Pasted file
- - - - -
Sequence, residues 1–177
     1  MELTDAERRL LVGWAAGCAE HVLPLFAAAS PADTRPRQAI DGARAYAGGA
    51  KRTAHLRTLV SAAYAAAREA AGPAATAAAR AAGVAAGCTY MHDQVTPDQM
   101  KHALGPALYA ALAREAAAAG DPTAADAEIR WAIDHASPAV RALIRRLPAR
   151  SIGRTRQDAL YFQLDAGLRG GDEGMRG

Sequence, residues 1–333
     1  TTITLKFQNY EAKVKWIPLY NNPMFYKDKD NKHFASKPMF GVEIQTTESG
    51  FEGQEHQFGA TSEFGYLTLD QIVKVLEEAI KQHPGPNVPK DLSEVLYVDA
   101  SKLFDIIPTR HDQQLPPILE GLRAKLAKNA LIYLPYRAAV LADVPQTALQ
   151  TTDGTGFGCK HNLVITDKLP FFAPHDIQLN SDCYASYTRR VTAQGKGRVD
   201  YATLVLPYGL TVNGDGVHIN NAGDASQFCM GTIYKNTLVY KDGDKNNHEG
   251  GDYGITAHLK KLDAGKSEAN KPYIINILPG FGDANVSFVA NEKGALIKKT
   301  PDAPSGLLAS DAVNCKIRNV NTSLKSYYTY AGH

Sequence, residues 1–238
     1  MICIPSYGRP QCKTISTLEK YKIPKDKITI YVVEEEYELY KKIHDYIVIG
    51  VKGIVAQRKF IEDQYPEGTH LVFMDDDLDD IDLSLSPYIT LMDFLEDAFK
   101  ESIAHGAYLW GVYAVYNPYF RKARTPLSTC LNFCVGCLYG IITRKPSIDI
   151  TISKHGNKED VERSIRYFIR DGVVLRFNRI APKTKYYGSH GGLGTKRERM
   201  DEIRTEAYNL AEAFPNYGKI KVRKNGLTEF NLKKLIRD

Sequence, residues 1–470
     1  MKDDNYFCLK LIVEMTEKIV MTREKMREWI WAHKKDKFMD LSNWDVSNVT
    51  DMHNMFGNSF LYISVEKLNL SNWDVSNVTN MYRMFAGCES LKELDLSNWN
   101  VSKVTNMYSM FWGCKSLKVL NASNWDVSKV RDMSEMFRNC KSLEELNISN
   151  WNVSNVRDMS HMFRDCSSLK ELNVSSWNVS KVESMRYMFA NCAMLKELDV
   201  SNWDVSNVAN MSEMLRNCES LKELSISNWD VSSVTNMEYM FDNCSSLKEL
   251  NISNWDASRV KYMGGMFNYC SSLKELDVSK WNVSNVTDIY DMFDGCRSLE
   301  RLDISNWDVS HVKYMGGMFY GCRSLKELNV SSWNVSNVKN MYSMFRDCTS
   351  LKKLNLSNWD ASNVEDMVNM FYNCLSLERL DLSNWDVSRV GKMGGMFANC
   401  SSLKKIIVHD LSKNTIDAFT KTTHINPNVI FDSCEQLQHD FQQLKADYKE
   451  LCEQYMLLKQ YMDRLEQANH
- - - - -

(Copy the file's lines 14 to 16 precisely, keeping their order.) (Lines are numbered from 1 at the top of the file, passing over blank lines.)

Sequence, residues 1–238
     1  MICIPSYGRP QCKTISTLEK YKIPKDKITI YVVEEEYELY KKIHDYIVIG
    51  VKGIVAQRKF IEDQYPEGTH LVFMDDDLDD IDLSLSPYIT LMDFLEDAFK